A small number of patients can develop an anaphylactic response to the shots. “These patients can develop swelling in the throat, wheezing, and tightness in the chest, usually within 30 minutes of the injection,” says Agarwal. “These kinds of serious reaction don’t happen often, but require immediate treatment with epinephrine, also known as an epi pen. The key thing is to have the patient monitored by a medical professional who can recognize the symptoms and provide treatment quickly.”
Getting a proper diagnosis is the first step toward allergy relief-and that entails a trip to the allergist to get tested. “The diagnosis is made according to the patient’s history and skin prick test,” says Agarwal. “We get the results within 10-15 minutes, and then we can discuss whether you’d be better off getting allergy shots or taking antihistamine.”
Multiple factors go into making the best treatment decision for each individual patient. “The decision is made based on factors like the length of the patient’s allergy season, the severity of the patient’s symptoms, and how well medications are controlling the patient’s symptoms,” says Agarwal. “Taking antihistamines could be the right choice for you if your symptoms are well-controlled by it, if it’s only necessary for a few days out of the year, and if you don’t mind taking medications.”
Other patients are better served by allergy shots. “If you’re someone who is taking medications year round, or if they aren’t being completely effective, I would really encourage you to do immunotherapy,” says Agarwal. “Another good reason to get shots would be if you have a constant exposure, like a pet you’re allergic to.”
Allergy shots can be particularly beneficial to anyone who has a life-threatening stinging insect allergy.
Allergy and immunology are booming research fields. “We’re always looking for ways to improve the efficacy and tolerability of allergy injections,” says Agarwal. “Right now there is a lot of focus on sublingual immunotherapy, including a new therapy for grass and ragweed that patients can take daily by mouth.”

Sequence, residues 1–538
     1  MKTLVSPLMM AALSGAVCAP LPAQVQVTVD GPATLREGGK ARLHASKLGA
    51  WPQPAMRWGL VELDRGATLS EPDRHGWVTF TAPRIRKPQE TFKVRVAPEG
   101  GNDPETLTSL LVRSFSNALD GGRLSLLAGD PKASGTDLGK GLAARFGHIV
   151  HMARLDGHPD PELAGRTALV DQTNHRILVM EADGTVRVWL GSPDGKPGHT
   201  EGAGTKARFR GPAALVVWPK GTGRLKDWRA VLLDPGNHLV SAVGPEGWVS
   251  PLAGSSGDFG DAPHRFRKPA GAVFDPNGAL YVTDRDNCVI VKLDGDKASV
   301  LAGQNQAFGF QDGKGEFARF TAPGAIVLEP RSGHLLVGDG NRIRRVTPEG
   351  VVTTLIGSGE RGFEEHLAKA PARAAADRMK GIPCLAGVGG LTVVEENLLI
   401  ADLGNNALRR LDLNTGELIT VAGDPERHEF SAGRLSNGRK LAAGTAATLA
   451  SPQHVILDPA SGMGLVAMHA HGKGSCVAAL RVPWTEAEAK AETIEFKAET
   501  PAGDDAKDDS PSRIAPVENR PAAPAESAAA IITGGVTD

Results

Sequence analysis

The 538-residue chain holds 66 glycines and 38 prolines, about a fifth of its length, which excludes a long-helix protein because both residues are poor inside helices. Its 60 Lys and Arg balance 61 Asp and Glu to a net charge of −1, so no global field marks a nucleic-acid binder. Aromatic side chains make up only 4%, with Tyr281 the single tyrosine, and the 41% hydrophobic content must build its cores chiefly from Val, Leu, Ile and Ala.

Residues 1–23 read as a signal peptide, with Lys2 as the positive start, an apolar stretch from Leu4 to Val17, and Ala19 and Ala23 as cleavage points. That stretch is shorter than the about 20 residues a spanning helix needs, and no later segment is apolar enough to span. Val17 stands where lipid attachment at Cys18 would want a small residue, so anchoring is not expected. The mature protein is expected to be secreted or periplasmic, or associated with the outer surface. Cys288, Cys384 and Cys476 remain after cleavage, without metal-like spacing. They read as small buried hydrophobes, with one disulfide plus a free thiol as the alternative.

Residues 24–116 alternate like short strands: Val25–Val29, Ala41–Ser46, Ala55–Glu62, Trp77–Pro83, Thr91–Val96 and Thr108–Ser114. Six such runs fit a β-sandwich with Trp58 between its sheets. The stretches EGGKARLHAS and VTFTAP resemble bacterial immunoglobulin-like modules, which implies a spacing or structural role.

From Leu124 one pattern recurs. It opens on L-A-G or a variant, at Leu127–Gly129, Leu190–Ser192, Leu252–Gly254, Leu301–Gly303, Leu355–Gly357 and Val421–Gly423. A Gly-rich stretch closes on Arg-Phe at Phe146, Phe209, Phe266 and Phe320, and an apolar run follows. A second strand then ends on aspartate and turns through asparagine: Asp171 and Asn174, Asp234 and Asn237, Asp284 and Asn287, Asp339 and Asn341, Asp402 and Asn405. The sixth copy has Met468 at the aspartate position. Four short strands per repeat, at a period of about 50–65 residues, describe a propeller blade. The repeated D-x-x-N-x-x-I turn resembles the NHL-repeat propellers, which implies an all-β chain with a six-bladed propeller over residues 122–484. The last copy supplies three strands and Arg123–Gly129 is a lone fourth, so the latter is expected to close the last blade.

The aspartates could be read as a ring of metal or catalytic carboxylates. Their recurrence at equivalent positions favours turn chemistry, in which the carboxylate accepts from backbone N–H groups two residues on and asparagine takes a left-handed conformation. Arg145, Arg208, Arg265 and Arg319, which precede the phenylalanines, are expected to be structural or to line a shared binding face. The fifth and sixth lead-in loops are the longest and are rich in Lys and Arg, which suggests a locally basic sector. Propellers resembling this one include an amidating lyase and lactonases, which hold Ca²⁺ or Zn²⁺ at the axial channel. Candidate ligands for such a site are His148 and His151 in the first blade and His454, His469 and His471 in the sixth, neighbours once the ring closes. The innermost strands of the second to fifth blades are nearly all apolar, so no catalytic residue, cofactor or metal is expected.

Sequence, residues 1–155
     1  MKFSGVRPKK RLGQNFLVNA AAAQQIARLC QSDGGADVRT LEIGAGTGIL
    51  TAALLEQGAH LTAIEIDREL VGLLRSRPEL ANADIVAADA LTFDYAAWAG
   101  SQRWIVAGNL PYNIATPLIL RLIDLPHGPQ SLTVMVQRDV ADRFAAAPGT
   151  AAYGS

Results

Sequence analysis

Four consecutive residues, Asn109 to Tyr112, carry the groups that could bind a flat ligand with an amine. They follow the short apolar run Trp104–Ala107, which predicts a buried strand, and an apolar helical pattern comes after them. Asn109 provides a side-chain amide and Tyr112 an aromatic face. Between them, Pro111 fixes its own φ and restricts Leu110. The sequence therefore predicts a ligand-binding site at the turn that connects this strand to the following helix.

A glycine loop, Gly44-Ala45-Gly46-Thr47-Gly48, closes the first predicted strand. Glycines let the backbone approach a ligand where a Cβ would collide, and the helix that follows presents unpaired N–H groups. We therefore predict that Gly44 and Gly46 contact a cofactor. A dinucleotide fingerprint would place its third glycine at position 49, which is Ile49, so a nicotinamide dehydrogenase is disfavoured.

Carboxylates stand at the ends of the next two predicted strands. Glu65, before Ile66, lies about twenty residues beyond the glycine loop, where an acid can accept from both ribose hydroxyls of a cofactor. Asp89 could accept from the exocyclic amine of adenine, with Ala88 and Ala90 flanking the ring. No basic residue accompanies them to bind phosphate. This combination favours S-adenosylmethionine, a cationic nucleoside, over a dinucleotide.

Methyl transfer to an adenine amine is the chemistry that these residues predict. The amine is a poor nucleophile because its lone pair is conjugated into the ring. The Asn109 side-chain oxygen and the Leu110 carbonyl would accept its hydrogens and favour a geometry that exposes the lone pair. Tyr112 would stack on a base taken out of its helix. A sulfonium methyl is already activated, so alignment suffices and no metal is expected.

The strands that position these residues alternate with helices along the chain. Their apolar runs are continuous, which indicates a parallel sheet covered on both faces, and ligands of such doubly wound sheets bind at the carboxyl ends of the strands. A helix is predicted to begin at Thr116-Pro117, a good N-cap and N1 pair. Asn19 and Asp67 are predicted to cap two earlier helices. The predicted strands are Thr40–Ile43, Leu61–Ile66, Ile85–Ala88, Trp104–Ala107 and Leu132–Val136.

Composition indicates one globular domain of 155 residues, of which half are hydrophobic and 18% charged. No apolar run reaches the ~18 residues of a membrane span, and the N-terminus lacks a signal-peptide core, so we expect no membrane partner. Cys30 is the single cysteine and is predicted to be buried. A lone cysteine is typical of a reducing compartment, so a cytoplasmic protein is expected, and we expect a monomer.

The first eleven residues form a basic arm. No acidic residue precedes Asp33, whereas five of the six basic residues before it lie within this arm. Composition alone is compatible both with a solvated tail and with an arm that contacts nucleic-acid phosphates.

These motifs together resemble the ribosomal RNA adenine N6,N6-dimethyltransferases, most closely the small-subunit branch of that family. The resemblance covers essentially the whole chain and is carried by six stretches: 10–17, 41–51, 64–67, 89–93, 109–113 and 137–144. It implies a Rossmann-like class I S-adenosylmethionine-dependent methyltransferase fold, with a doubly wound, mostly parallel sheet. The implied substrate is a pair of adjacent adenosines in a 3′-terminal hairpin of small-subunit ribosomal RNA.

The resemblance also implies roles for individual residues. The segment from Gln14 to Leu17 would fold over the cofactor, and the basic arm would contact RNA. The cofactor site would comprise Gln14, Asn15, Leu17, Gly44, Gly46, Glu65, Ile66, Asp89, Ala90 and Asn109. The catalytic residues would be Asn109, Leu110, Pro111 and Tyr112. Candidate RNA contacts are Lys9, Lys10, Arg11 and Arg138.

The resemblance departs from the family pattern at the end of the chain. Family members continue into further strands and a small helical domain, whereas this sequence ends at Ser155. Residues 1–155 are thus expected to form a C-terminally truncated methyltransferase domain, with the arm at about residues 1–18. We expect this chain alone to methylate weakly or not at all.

QUESTIONS FOR YOUR DOCTOR
The first question to ask off the bat has two parts, “What am I allergic to?” and “How can I avoid the allergen?” Once you have been correctly diagnosed, ask about your treatment options. “What medications are most suitable for me?” and “Am I a candidate for immunotherapy?” “If allergies are detracting from your quality of life, the most practical thing is to minimize exposure to them and discuss an individualized treatment plan with your doctor,” says Agarwal. “Your course of treatment should depend on the severity of your symptoms, how well medication works for you, and your preferences and priorities. There’s no reason to assume that you have to suffer through another allergy season.”
WHAT YOU CAN DO
Two websites chockablock with patient-friendly information are the American Academy of Allergy Asthma and Immunology (aaaai.org) and Mount Sinai (mountsinai.org/patient-care/service-areas/allergy-and-immunology).
Discuss allergy shots with your doctor.
If your allergies are interfering with the way you want to live your life, talk to your doctor about whether immunotherapy might help.
Take precautions against insects.
If you’re picnicking, avoid trash cans and other places where bees swarm. Other avoidance strategies: remove any insect nests near the house, avoid wearing brightly colored clothes or strong scents that may attract insects, avoid walking barefoot outside, and wear long pants and sleeves when doing outdoor work near bushes.
Take allergic reactions seriously.
If you see someone having a severe allergic reaction to bees or something else, don’t hesitate to call 911 right away. “If you’re at a picnic and a child has a severe allergic reaction to a bee, use their epipen and call 911 right away,” says Agarwal.